After cocktail hour supplemented with some snacks, we all go aboard WHALE LURE for a cruise of the bay and a quick run to the next town around the point, Penetanguishene. Their marina is filled with offshore racing boats, as this weekend is the occasion of a big race event. On the way we pass close abeam to a tall ship approaching the harbour under sail. It is a beautiful sight, the dark 120-foot hull of the gaff rigged schooner HIGHLANDER making good progress in the light breeze and moving silently through the calm water.
Sailing ships like this once filled the ports of Georgian Bay. She was ghosting back to port on the last wisp of evening breeze as we both came into the fine harbour at Penetanguishene. You seldom see these boats with this much canvas flying.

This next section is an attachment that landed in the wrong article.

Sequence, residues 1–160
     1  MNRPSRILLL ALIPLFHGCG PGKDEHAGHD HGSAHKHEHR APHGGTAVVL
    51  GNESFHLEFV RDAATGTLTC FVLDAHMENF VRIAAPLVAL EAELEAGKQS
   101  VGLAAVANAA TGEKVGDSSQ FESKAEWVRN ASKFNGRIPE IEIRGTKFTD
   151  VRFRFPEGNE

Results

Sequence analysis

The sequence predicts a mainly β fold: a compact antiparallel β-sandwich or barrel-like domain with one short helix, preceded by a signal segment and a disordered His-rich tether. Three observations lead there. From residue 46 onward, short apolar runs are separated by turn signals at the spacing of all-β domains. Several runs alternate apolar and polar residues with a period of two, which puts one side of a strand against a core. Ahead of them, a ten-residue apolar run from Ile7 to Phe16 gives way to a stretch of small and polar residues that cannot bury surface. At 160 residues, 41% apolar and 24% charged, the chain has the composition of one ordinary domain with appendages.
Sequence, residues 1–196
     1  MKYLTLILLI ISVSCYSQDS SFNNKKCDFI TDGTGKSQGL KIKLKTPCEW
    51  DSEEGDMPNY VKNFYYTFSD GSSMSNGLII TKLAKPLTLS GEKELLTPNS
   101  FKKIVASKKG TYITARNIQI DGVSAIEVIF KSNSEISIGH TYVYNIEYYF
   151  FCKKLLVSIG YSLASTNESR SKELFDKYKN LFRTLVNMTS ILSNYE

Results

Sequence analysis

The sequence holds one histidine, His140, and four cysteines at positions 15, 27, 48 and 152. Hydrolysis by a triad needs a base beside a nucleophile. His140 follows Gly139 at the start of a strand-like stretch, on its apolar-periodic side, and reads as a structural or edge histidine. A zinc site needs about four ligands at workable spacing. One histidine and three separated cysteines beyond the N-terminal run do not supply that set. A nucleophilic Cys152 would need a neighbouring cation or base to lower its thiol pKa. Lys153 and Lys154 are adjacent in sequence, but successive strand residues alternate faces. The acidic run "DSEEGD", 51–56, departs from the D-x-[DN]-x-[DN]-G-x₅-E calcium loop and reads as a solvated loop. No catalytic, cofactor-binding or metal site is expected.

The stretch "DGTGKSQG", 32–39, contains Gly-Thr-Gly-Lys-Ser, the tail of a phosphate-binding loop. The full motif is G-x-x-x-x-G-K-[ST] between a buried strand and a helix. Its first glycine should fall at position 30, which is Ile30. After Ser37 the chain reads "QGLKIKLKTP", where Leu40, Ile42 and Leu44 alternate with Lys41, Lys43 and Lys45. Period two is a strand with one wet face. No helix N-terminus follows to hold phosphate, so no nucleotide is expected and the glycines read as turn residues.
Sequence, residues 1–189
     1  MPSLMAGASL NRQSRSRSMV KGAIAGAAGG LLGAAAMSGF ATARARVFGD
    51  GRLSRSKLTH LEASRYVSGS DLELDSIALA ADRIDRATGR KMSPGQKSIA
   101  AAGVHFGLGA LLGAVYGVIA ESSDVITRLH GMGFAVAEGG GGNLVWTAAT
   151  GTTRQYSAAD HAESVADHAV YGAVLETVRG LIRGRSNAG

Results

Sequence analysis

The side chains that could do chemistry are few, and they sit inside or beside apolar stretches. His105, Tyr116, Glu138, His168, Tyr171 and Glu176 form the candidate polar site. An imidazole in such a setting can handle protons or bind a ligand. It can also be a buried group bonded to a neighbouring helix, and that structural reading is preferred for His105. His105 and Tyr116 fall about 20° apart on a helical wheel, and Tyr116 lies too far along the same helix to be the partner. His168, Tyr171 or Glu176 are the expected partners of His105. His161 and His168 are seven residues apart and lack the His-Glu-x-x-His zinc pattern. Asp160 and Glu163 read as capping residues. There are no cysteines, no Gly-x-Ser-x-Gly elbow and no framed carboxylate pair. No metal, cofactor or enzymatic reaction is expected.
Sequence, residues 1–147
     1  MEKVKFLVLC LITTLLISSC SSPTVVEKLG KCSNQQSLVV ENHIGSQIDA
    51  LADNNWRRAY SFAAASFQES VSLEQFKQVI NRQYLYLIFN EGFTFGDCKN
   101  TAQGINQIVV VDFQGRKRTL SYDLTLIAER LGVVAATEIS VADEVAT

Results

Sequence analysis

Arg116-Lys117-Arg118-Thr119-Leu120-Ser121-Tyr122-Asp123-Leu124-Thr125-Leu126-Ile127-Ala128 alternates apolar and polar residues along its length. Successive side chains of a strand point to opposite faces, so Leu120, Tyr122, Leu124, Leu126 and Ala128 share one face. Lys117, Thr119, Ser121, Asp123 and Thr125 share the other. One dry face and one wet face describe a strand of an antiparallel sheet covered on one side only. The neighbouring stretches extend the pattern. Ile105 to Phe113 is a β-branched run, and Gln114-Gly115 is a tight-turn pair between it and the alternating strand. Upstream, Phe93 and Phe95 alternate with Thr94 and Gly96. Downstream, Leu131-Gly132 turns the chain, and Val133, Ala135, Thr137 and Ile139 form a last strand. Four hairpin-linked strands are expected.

Photo Credit: Larry Goltz
Finally, well past 7 p.m., we are back to our docks. Time to freshen up for dinner. An interesting phenomenon occurs on these vacation boat cruises. About half of our group are from the Central Time Zone, so they're used to eating a bit latter than those of us on Eastern Time. Throw in a bit of inertia at getting a group of people ready to do anything at a particular time. Then add to it the relaxed pace of life when on vacation. The result is we hardly ever are ready to go to dinner before 9 p.m. Most nights we'll end up shutting down the restaurant.
Tonight we strike off on foot toward downtown Midland in search of dinner at about 9 p.m. Town is about a mile away along a nice footpath that follows the shoreline of the bay from the launching ramp to downtown, using an abandoned railroad right of way. It is quite a hike, but after all day in the car a long walk is good exercise.